vCenter High Availability Options | vCenter HA & vSphere HA
For large organizations and enterprises, business continuity is of great importance. If you want to ensure high availability of your vSphere environment including vCenter Server, VMware provides several vCenter High Availability options for you.
vCenter High Availability options
High Availability (HA) refers to the ability of a system to operate continuously without failure for a specified period of time. Today many organizations, especially enterprises, require high availability to maximize business continuity and reduce losses.
Thus, VMware vCenter Server also supports many high availability options.
Released in 2016, vSphere 6.5 makes the vCenter Server Appliance the fundamental building block of a vSphere environment. Along with it was the vCenter High Availability (VCHA), a new feature that applies for vCenter Server Appliance (VCSA) only, provides more availability for this mission-critical service inside the virtualization infrastructure.
What is vCenter High Availability
VMware vCenter High Availability (VCHA) protects not only against host and hardware failures, but also against vCenter Server application failures.
A vCenter HA cluster consists of 3 vCenter Server instances:
- Active node: primary vCenter Server Appliance instance.
- Passive node: secondary vCenter instance to take over the role of active node automatically if it fails.
- Witness node: provides a quorum to protect against a split-brain situation.
The vCenter HA network connects the Active, Passive, and Witness nodes, replicates the server state, and monitors heartbeats. The Active node continuously replicates data to the Passive node.
Using automated failover from active to passive, vCenter HA supports high availability with minimal downtime.
What is vSphere High Availability
vSphere High Availability (vSphere HA) was first introduced by VMware in Virtual Infrastructure 3 in 2006, and has been continuously supported and developed. It is a cluster-level feature that provide protection against the failure of ESXi hosts to increase the total availability of VMs inside the cluster.
vSphere HA pools the hosts and virtual machines into a cluster, and runs a Fault Domain Manager agent on each host within the cluster to monitor them. In the event of a failure, the virtual machines on a failed host are restarted on alternate hosts.
Differing from vCenter HA, vSphere HA requires less network configuration, and is more suitable for situations where consecutive failures are possible. Because vSphere HA will migrate VMs more and more to another available ESXi host, but the vCenter HA cluster is not available and functional anymore after the second failure.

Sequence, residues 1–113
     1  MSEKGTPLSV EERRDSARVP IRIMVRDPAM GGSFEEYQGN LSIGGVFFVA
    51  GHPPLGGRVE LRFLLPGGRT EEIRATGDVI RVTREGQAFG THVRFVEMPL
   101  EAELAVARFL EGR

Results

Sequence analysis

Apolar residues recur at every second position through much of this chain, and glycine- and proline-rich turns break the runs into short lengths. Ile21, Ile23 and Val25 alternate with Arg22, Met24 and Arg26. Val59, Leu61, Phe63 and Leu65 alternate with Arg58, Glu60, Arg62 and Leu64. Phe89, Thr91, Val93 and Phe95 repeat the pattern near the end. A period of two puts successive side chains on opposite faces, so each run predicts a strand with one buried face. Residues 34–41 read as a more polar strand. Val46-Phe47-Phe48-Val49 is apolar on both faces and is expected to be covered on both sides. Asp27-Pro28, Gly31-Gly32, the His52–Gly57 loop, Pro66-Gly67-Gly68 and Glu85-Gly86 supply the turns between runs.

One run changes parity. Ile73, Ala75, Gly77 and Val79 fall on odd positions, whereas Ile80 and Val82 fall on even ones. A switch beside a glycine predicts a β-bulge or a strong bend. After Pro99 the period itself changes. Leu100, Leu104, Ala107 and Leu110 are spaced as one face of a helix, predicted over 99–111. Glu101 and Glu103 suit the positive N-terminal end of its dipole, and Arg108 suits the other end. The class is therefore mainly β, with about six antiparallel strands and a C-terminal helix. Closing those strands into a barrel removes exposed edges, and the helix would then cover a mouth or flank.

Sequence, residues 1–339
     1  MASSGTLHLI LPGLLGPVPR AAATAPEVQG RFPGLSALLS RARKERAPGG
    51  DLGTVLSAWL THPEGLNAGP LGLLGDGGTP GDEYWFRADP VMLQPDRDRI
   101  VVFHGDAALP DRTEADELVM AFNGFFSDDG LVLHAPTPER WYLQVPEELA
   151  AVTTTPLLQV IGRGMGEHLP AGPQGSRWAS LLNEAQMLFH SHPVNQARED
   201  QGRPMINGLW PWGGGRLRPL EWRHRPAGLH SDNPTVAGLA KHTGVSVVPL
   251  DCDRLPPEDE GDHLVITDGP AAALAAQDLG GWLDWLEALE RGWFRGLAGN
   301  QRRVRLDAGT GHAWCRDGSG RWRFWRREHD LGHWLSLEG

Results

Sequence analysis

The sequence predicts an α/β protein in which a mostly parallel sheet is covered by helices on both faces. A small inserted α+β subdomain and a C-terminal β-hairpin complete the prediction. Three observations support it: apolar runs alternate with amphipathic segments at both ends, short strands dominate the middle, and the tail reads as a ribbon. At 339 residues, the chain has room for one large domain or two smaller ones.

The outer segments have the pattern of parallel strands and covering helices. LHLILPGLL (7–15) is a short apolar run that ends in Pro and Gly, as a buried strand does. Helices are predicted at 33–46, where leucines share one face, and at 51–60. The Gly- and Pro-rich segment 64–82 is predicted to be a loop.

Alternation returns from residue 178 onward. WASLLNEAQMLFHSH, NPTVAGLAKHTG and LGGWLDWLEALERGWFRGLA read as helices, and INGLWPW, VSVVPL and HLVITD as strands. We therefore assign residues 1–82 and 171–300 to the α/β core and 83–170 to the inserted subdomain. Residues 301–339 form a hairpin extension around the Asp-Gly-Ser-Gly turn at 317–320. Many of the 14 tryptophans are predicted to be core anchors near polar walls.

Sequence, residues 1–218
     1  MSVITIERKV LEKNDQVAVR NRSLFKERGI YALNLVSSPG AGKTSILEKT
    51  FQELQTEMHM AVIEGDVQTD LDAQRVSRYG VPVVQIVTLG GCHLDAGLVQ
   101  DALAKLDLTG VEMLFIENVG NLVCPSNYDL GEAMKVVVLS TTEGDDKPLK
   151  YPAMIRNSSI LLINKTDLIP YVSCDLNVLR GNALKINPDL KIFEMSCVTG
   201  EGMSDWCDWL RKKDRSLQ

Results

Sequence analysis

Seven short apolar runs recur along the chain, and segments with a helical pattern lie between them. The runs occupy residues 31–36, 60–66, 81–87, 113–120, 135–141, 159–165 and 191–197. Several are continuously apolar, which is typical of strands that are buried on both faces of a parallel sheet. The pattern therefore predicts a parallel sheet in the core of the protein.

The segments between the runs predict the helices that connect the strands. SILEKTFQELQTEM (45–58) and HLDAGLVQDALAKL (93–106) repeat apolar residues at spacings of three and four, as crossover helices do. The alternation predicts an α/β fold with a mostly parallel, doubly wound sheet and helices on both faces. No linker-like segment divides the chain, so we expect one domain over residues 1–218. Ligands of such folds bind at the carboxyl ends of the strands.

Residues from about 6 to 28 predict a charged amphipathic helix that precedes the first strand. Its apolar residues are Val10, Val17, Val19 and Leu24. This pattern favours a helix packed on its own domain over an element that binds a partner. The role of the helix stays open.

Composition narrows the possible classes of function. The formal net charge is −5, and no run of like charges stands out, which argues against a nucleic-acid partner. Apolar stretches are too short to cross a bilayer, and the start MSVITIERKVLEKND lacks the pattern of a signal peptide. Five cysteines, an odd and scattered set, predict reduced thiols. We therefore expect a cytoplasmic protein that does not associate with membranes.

Extended reading: error “insufficient resources to satisfy vSphere HA”
A vSphere HA cluster contains at least 2 hosts, 1 primary host and others are secondary hosts.
- The primary host is mainly responsible for monitoring the status of secondary hosts and coordinating the restarts of protected virtual machines.
- And the secondary hosts mainly contribute to the cluster by running virtual machines locally, monitoring their runtime states, and reporting state updates to the primary host.
Therefore, if you have a vSphere HA cluster with 2 hosts, and have one of them in maintenance mode, that leaves you only 1 single host in the cluster, then you may receive the error displaying “insufficient resource to satisfy configured failover level for vSphere HA”.
In fact, this error does not just in this situation. It is a common issue that indicates the vSphere HA Cluster does not have enough resources to continue restart and run all the virtual machines in the case of a failover.
There are many factors that may cause the error insufficient resources to satisfy vSphere HA:
- Resources such as free memory and CPU are not enough for vSphere HA failover.
- The Manually modified the configured cluster resources percentage option for Admission Control.
- Hostname resolution not working and vSphere HA fail to communicate with cluster nodes.
You can troubleshoot this insufficient vSphere HA failover resources error based factors such as above. If have enough resources but still get the insufficient resources to satisfy vSphere HA error, it is recommended to try disabling Admission Control to resolve this issue.
Looking for a more affordable VM protection measure?
vCenter High Availability is an advanced feature that does not concluded in vCenter Essentials and Foundation. Upgrading your license can significantly increase your VM data protection cost. It may not be cost-effective just for this one feature.
If you are looking for an affordable VM protection measure, you can try AOMEI Cyber Backup, an agentless VMware backup software that supports both paid and free versions of ESXi 6.5-8.0.
A system is not 100% available, but fails occasionally. For organizations and enterprises, a system of high availability basically means high business continuity and high profitability. Therefore, there are many high availability options along with products. This article briefly introduces 2 vCenter High Availability options, vSphere High Availability and vCenter High Availability.
vSphere also provide Fault Tolerance (FT) and Redundancy for you to build a 24/7 IT infrastructure and disaster recovery plan. Check more details in High Availability vs Fault Tolerance vs Redundancy.